This week, Frank Catalanotto was kind enough to sit down for an
interview with our own Keith Law. Here’s a brief transcript of
the interview, and Frank’s entry from Baseball Prospectus ’97.
Our thanks to Mr. Catalanotto for his patience and generosity.


Year Team 	  Lge	 AB   H DB TP HR  BB SB CS OUT   BA  OBA   SA  EQA EQR Peak
1994 Fayetteville S Atl	482 143 18  4  4  32  2  2 341 .297 .340 .376 .243  50 .277
1995 Jacksonville South	508 116 14  3 10  47  9  4 396 .228 .294 .327 .208  39 .233
1996 Jacksonville South	511 145 24  3 17  63 11  7 373 .284 .362 .442 .268  69 .296
1997 Detroit	  AL	449 119 27  2 14  53  6  4 334 .265 .343 .428 .259  57

You have to love a left-handed hitting second baseman with broad
offensive skills. When a hitter improves tremendously in his second
year at a level, it’s sometimes written off as a fluke, but I think
Catalanotto’s progress was legitimate. He was just 22 last season,
and the breadth of his improvement is very impressive.

The Tigers are making noises about giving Mark Lewis’ job to someone
else, so at the very least Catalanotto could be looking at a platoon
role in Detroit next year. I like him a lot; he’s in much the same
position that Bobby Higginson was in two years ago, and we know how
that turned out. A real sleeper.

Gone to Oakland in the Rule V draft, and will compete with Brent
Gates for the 2B job.

BP: We were all kind of outraged when Detroit let you go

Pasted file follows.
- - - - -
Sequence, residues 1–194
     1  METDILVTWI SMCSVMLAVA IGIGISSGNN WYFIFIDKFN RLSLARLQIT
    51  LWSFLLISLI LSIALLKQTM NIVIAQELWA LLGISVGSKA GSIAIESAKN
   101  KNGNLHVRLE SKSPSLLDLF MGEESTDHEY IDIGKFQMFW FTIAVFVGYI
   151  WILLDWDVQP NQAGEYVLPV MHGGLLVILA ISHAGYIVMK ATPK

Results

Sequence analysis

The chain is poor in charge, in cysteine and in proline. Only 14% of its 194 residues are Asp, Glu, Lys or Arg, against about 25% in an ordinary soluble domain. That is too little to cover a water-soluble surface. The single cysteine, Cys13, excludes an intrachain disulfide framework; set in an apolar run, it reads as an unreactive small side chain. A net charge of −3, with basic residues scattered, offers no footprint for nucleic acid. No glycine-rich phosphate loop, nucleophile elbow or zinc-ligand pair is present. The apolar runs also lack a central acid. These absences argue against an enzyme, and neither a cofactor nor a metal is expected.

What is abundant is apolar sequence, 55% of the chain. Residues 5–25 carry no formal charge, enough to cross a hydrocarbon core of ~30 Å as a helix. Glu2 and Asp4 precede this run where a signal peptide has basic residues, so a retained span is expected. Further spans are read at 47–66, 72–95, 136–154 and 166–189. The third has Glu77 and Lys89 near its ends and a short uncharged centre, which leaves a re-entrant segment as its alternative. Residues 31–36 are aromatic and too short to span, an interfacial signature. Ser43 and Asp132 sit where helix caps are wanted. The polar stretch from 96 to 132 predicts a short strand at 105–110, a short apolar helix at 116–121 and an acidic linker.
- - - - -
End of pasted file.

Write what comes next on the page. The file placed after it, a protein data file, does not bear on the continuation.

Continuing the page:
through the Rule V draft.

FC: Yeah, you know, they told me I was a shoo-in for the
roster, you know, to make the team and all. My manager [Larry
Parrish] told me so, the scouts told me so, the assistant GM –
everybody. Then I saw the list and that’s when I found out.

BP: Did they ever call you to explain?

FC: After I saw the list, I called Larry Parrish. He said he
was in the meeting room when they were filling out the roster, and
I was on everyone’s lists to make the team. But when my name came
up, Randy Smith – who’s only seen me play six times… I’ll admit,
I didn’t play that well when he saw me, but when my name came up,
he said no, because he’d never seen me play good. The scouts said,
"But you’ve only seen him play six times," but he said
don’t put me on the roster.

But I’m excited about Oakland. I looked at my stats versus the other
guys, and I think I’ve got a real shot.

BP: Have you heard from Sandy Alderson or anyone else from
the A’s?

FC: Not Sandy Alderson, but I’ve talked to just about everyone
else: their scouts, the assistant GM, the trainer, etc. They said I
have a great change to win a job if their team stays the way it is
right now. If they sign a big-time second baseman, then that’s a
different story, obviously, but right now, all they really have is
Brent Gates, and they said he’s coming back from a broken leg, so
it’s up to me, and the job is mine if I can perform.

Their spring training starts on February 20th, but I’m heading off
two weeks early to get used to the warm weather, and to meet some of
the guys, since it’s all new to me.

BP: You had a close call there with Kevin Elster.

FC: Yes – my knees were shaking when I heard they were going
to sign him!

BP: I guess the key was that they didn’t retain Mike Bordick.